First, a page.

Kim Jong Il, North Korea’s ‘Dear Leader,’ dies, leaving son as successor

December 19, 2011

Kim Jong Il, the dictator of North Korea described by state media as “Dear Leader,” died Saturday . He was said to be 69. As Chico Harlan reported :

Kim Jong Il, the North Korean leader who threatened the world with his nuclear weapons ambitions and suppressed his own people with imprisonment and isolation, left in the wake of his death Saturday an antiquated country with a power vacuum.

Kim’s death raises immediate questions about the future — and the stability — of perhaps the world’s most isolated state, which for six decades has been held together by the Kim family personality cult. Kim was deified by state media, described as the “Dear Leader.” A weeping television anchor Monday told North Korea of Kim’s death.

Security analysts and officials from Seoul to Washington have long believed that Kim’s death would double as a pivot point on the Korean Peninsula. But that poses a threat of its own, as North Korea tries to pass power to Kim’s youngest son, Kim Jong Eun, who is in his 20s.

In an announcement Monday, North Korea called Kim Jong Eun a “great successor” and urged its people to follow his leadership. The state also conducted at least one short-range missle test, the Associated Press reported, citing South Korea’s Yonhap news agency.

Yonhap quoted two South Korean military officials saying that such a test most likely was part of a routine drill and was not related to Kim Jong Il’s death.

The death of Kim Jong Il means that power will likely go to his youngest son Kim Jong Eun, whose ability to hold the country together with the same rigidity as his predecessor is still unknown. As Chico Harlan explained:

Kim Jong Eun will be one of the world’s most unknown — and significant — power-holders, potentially capable of reforming the country, maintaining it, or letting it slip into chaos.

The youngest of Kim Jong Il’s three sons, he has neither the resume nor the experience to control the country in the rigid manner of his father and grandfather, experts say.

For security experts in Seoul and Washington, the younger Kim’s rise turns North Korea from a truculent state into a volatile one, far likelier to threaten its neighbors or show signs of civil unrest.

Until late last year, most North Koreans had never seen Kim Jong Eun’s adult photograph. Pyongyang’s propaganda office had begun taking cautious steps to build the successor’s personality cult — but the process was designed to last years, not months.

Analysts who have studied North Korea’s second attempted power transfer fear several scenarios, including a revolt by the military or a fight for power among older party members, who view Kim Jong Eun as vulnerable target, too young to have his own allies and loyalists.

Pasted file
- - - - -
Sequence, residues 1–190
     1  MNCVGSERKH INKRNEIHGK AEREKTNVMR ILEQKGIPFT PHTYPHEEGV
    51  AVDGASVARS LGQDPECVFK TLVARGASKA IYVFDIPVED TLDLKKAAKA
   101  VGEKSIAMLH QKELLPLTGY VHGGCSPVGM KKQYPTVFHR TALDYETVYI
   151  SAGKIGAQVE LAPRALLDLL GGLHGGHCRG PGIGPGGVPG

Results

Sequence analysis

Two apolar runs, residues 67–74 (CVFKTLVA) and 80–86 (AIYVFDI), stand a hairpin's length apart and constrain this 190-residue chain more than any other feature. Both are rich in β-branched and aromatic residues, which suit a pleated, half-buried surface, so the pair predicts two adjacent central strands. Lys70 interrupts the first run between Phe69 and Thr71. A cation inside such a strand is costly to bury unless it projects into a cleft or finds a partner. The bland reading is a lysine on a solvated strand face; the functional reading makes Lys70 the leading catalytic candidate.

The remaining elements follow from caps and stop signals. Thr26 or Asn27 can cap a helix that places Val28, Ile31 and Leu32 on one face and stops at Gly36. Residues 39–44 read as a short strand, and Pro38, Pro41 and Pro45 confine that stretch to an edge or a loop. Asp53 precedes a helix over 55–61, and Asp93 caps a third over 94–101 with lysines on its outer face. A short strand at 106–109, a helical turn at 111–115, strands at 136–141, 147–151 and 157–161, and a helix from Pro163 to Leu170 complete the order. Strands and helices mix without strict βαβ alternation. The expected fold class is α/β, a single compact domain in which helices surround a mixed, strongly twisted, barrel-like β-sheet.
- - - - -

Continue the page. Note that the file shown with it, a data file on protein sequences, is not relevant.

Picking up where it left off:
“This is really the worst possible nightmare for the North Korean state — this sudden death, and for the son to be taking over,” said Victor Cha, the White House’s former director of Asian affairs. “This could collapse before our eyes.”

For all of the concern over the succession process in North Korea, some see a unique opportunity to break the isolation that has characterized the country under Kim Jong Il. As Keith Richburg reported:

The death of North Korean leader Kim Jong Il has set off a wave of anxiety among the country’s neighbors and beyond, focused on possible instability on the Korean Peninsula and the unpredictable nature of the succession in the isolated, nuclear-armed country.

But along with the concern were some cautious expressions of optimism, and hopes that the sudden and unexpected leadership transition in Pyongyang might offer an opportunity for the country to pursue desperately needed reform of its dysfunctional economic system.

That latter view was most often heard here in China, North Korea’s principal ally and benefactor, whose leaders are known to have been pressing Kim to pursue economic reforms.

China sent troops to fight alongside North Koreans during the Korean War, and Mao Zedong once said the two neighbors’ relationship was “as close as lips and teeth.” But where China since 1979 has pursued a policy of economic liberalization and opening to the outside world, North Korea has remained mired in a 1950s-style Stalinist system that brought widespread poverty, food shortages and a shrinking industrial base.

“The North Korean regime is under huge pressure to survive right now,” said Zhu Feng, an international studies professor at Peking University. “It’s almost impossible for North Korea to continue blocking its people from the outside world or stay isolated any longer. If the North Korean regime hopes to survive, they must make some changes.”

Zhu said the transfer of power to Kim’s son, Kim Jong Eun, probably will take place without a power struggle. But the younger Kim might have less control than his father, and face more pressure for reform.

“Right now, North Koreans lack food and clothing,” Zhu said. “In such a society, the death of the old leader will have a huge impact on society and cause people to reflect and change their ideas.”

Others here agreed, saying the transition could provide an opportunity. Outsiders — particularly the United States and South Korea — need to move cautiously to take advantage of the diplomatic window and avoid provoking the regime hard-liners, they said.

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